December 24th, 2005 03:46 PM
Today, I carried a book, instead of a gun.
Yesterday was a day off for me and I decided to carry a book, instead of a gun. (The gun was still handy, but the book was the object of my attention.)
The book was Bryan S. Williams’ Welcome to the Real World, accurately subtitled, A Dangerous Place to be Caught Unprepared. The Preface, Introduction, and the first chapter (How it Feels to Take a Bullet,) all go a long way towards justifying that subtitle and you’ll find much more on that subject throughout the book.
So you’ll understand my perspective, I’d like to tell you that I’m a relative newcomer to the CCW fold. I’ve been around firearms all my life, but they never really played a big part in it until I served in the military. I did go through a “liberal peace-nik” phase in my development, but the testosterone eventually kicked in and I’ve been a rather conservative individual ever since.
I’ve purchased my sidearm and am now waiting for my permit to clear. In the meantime, I’m carrying concealed at home to establish the best carry method for me. My inborn desire to always want “more info” lead me to buying this book, after reading a thread about it on this Forum.
Now it may sound silly to some, but one of the things I appreciate most about Welcome to the Real World is that the author avoided using the common vernacular, catch-phrases, and buzz-words commonly used when reading on the subject. Just as important to me, I don’t think he use the pseudo-word, “proactive,” even once! (If you aren’t “proactive,” does that make you “antiactive?” I strongly dislike such yuppie-isms! If you take action, you are “active.” If you don’t, you are “inactive.” Get over it.)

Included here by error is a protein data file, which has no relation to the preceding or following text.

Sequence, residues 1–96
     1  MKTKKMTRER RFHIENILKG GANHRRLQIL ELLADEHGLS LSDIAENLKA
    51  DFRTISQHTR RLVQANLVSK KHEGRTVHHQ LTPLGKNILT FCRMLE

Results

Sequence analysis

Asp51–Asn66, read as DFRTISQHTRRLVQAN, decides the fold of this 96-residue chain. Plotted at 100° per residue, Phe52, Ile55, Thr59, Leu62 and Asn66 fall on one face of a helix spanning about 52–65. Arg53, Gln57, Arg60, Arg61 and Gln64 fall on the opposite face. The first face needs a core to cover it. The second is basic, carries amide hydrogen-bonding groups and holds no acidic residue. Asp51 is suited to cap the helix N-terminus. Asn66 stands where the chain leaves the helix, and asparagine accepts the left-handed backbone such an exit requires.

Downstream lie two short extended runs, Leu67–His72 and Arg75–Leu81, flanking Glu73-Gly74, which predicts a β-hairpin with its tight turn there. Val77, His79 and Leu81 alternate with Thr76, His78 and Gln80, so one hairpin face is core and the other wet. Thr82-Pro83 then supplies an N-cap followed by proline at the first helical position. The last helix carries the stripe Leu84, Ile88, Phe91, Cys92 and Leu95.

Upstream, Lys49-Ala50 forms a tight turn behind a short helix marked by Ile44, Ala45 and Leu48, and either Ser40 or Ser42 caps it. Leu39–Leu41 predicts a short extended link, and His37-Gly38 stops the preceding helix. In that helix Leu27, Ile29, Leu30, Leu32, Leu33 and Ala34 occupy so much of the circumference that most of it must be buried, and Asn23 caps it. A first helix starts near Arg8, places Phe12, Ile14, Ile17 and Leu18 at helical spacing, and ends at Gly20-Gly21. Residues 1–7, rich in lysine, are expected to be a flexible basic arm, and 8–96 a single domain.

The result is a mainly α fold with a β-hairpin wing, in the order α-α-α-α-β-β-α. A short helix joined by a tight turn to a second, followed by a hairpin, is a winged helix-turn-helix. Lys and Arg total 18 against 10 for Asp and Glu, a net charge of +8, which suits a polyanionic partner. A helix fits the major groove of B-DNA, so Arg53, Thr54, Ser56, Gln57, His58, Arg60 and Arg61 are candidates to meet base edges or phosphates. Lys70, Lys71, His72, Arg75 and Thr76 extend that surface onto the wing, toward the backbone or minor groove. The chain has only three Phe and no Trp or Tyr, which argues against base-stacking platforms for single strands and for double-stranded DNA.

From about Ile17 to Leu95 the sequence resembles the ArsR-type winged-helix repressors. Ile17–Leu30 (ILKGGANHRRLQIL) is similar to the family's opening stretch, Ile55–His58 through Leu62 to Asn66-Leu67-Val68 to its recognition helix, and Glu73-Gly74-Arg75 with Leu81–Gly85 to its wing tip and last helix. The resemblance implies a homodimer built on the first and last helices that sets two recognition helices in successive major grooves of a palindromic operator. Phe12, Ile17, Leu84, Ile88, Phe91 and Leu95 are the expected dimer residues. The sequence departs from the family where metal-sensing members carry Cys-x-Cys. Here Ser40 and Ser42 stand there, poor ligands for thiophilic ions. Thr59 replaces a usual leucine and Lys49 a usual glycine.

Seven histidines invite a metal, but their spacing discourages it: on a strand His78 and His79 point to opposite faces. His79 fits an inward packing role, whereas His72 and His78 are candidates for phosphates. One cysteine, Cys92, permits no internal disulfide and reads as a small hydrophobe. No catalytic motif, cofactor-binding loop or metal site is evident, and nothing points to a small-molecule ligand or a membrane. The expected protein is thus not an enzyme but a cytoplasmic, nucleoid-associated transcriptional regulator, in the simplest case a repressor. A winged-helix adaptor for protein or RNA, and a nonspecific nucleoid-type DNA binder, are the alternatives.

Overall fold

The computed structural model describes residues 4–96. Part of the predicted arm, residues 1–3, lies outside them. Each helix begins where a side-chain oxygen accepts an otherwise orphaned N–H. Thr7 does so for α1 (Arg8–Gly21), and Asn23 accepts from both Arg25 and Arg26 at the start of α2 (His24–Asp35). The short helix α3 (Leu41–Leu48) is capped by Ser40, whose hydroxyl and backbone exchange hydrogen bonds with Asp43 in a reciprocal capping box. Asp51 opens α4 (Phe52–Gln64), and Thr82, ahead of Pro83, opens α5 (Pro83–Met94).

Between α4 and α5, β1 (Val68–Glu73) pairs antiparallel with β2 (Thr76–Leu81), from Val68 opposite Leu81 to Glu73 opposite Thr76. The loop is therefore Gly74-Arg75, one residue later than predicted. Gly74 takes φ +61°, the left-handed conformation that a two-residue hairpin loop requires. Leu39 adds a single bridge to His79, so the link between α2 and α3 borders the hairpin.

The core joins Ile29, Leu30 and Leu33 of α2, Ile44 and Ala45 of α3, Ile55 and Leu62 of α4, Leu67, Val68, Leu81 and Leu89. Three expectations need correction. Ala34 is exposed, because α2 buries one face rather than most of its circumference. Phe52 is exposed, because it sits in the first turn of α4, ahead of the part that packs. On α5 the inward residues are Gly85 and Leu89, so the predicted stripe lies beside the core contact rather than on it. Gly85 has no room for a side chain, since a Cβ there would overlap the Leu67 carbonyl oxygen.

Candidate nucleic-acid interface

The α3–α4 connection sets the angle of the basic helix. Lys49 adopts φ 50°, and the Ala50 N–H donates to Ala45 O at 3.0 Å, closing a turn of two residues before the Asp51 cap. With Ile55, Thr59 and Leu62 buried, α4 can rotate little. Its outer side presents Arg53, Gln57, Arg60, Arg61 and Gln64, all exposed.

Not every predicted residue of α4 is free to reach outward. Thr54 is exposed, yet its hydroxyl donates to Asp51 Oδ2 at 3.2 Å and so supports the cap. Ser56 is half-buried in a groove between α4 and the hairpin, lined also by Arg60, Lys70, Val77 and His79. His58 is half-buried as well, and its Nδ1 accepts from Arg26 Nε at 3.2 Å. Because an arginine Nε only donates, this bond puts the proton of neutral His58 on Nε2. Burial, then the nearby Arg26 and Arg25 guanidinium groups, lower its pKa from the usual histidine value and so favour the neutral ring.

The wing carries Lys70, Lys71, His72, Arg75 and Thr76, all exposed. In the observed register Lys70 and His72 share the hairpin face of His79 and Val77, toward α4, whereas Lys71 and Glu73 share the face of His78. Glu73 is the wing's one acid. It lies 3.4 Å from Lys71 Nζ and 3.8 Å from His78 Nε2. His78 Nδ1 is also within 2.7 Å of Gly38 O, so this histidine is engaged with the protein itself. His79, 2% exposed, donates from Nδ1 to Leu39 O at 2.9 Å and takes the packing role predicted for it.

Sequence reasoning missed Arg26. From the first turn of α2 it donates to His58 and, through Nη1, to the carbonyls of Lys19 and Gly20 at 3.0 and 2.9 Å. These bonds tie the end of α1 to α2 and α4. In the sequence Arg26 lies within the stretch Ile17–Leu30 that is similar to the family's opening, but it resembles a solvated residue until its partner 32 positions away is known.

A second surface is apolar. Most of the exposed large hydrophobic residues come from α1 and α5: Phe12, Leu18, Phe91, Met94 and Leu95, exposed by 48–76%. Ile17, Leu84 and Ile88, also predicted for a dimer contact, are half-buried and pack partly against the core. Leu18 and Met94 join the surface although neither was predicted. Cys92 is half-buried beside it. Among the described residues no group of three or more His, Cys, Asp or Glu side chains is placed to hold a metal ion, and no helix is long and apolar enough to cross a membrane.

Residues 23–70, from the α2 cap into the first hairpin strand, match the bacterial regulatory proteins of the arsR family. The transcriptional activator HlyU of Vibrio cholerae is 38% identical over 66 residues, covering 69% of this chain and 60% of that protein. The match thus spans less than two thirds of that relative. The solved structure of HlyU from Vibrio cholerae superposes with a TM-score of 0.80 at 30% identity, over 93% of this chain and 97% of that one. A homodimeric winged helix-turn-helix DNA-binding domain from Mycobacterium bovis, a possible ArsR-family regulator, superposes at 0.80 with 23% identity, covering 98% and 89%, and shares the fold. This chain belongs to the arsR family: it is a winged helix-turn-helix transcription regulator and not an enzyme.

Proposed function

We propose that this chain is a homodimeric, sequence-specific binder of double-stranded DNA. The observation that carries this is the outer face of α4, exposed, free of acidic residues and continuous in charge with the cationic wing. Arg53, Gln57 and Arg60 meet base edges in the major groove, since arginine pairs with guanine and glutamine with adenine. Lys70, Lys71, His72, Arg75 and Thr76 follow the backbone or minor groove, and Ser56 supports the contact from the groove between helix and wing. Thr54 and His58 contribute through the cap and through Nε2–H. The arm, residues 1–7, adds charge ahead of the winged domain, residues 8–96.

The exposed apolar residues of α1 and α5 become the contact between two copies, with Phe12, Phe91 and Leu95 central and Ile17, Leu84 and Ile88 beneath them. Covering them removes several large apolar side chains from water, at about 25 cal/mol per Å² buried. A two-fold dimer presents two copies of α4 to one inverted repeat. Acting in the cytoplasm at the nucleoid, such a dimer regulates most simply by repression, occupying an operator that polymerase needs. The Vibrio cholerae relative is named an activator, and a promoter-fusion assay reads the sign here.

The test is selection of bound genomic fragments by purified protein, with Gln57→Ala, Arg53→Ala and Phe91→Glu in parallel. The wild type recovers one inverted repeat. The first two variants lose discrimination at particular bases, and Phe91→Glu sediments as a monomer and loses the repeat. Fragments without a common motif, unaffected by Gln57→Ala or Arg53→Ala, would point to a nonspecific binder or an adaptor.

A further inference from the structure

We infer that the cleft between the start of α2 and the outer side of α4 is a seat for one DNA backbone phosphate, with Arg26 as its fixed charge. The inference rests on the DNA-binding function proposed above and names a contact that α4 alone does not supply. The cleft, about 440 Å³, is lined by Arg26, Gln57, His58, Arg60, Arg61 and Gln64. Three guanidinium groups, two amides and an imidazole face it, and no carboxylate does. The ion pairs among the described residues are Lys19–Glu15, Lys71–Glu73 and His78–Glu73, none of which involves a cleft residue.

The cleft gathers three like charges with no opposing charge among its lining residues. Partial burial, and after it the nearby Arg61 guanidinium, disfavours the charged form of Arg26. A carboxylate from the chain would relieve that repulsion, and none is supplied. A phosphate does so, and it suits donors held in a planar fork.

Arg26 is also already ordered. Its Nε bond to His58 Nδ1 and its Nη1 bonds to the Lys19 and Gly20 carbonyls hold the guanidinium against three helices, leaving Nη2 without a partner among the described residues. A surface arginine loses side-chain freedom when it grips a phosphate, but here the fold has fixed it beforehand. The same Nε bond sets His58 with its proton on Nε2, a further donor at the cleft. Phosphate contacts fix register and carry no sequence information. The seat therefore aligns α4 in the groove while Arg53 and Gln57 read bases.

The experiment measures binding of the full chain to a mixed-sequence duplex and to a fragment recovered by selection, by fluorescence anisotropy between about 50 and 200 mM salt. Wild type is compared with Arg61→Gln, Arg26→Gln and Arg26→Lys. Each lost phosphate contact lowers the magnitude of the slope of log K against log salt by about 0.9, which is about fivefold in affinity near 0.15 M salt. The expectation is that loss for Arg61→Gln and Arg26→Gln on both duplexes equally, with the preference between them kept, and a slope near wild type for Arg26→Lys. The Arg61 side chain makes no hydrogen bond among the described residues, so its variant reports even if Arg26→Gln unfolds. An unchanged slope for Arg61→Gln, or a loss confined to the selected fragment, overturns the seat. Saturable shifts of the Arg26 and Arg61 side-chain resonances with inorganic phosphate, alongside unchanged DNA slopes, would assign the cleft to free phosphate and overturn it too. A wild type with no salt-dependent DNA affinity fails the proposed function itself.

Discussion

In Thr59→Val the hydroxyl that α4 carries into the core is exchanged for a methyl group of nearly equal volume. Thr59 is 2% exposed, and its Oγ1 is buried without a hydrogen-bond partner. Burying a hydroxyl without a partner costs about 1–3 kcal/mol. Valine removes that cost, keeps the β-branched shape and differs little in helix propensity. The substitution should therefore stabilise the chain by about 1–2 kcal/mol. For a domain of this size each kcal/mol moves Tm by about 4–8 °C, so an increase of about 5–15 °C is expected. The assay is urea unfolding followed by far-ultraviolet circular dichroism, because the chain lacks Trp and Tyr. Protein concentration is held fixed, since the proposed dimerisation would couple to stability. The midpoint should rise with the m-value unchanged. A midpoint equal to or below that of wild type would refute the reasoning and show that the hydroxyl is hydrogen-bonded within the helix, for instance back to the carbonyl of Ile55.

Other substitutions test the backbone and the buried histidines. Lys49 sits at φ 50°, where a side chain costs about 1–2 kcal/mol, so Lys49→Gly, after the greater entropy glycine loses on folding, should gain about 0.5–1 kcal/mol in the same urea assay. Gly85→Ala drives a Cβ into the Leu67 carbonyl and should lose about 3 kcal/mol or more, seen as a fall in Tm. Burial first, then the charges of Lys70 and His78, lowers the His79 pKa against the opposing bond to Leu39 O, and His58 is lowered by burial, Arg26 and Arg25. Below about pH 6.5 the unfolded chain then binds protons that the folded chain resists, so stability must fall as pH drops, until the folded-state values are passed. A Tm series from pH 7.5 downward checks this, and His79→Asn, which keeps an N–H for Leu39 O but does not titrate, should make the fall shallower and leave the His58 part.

This book will hold little appeal to the 007-types or those looking to replace Charles Bronson as the star in the next Death Wish sequel. Too bad, as this book would serve as a good reality-check for them.
Unlike ME, the author does NOT ramble when he writes!
As I read through the pages covering “Situational Awareness,” I remember thinking, “I do this all the time.” For me, it was nice to discover that it isn’t necessarily a symptom of paranoia. In my case, his writing on that subject served as positive re-enforcement for my ingrained behavior pattern. It is true that much of the population does not function in that state of awareness most of the time and this section of the book will be a valuable lesson for them. Mr. Williams provides them with an easy-to-follow method to change their awareness level to a healthier one.
I don’t think you would expect to read a book on personal defense that didn’t go into the various “what-if” scenarios. Unlike many articles on this topic, the author most always suggests options to avoid the conflict, before going into the various ways to apply deadly force. To me, that demonstrates the difference between the “sheepdog” mentality and that of the “aggressive watchdog,” which is only one step away from being the “wolf.”
To anyone who is new to the idea of taking personal responsibility for the safety of themselves and their family, I strongly recommend this book. It will help you understand and accept the moral and ethical implications of carrying a lethal weapon. If you have already taken that responsibility and would like to refine your knowledge, this one would also be a good choice.